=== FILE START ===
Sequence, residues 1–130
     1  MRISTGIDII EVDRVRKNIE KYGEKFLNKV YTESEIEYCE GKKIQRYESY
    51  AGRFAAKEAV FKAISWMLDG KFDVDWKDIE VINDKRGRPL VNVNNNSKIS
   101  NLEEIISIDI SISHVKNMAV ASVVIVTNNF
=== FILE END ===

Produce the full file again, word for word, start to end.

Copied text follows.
Sequence, residues 1–130
     1  MRISTGIDII EVDRVRKNIE KYGEKFLNKV YTESEIEYCE GKKIQRYESY
    51  AGRFAAKEAV FKAISWMLDG KFDVDWKDIE VINDKRGRPL VNVNNNSKIS
   101  NLEEIISIDI SISHVKNMAV ASVVIVTNNF